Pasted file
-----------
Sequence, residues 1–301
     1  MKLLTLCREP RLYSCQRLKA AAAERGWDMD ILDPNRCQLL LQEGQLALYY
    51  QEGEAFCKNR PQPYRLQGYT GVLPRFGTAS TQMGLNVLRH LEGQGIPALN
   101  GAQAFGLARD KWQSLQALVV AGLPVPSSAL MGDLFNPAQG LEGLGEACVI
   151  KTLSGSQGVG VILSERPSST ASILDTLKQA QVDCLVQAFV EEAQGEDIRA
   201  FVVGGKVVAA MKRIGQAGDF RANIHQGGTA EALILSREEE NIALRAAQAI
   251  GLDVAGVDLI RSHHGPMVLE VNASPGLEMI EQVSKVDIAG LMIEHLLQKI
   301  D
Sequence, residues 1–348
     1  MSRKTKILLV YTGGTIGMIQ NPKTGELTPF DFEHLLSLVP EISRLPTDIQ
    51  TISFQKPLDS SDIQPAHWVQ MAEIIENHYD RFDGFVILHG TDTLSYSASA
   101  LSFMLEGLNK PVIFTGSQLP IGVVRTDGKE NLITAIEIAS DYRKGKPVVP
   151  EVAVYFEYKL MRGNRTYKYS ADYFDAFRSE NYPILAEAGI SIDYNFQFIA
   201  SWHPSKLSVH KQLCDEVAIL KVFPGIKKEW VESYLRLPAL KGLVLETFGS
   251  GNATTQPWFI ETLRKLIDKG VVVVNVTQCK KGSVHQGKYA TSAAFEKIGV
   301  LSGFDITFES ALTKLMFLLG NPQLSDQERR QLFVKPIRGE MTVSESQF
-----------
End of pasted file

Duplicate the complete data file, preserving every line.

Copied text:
Sequence, residues 1–301
     1  MKLLTLCREP RLYSCQRLKA AAAERGWDMD ILDPNRCQLL LQEGQLALYY
    51  QEGEAFCKNR PQPYRLQGYT GVLPRFGTAS TQMGLNVLRH LEGQGIPALN
   101  GAQAFGLARD KWQSLQALVV AGLPVPSSAL MGDLFNPAQG LEGLGEACVI
   151  KTLSGSQGVG VILSERPSST ASILDTLKQA QVDCLVQAFV EEAQGEDIRA
   201  FVVGGKVVAA MKRIGQAGDF RANIHQGGTA EALILSREEE NIALRAAQAI
   251  GLDVAGVDLI RSHHGPMVLE VNASPGLEMI EQVSKVDIAG LMIEHLLQKI
   301  D
Sequence, residues 1–348
     1  MSRKTKILLV YTGGTIGMIQ NPKTGELTPF DFEHLLSLVP EISRLPTDIQ
    51  TISFQKPLDS SDIQPAHWVQ MAEIIENHYD RFDGFVILHG TDTLSYSASA
   101  LSFMLEGLNK PVIFTGSQLP IGVVRTDGKE NLITAIEIAS DYRKGKPVVP
   151  EVAVYFEYKL MRGNRTYKYS ADYFDAFRSE NYPILAEAGI SIDYNFQFIA
   201  SWHPSKLSVH KQLCDEVAIL KVFPGIKKEW VESYLRLPAL KGLVLETFGS
   251  GNATTQPWFI ETLRKLIDKG VVVVNVTQCK KGSVHQGKYA TSAAFEKIGV
   301  LSGFDITFES ALTKLMFLLG NPQLSDQERR QLFVKPIRGE MTVSESQF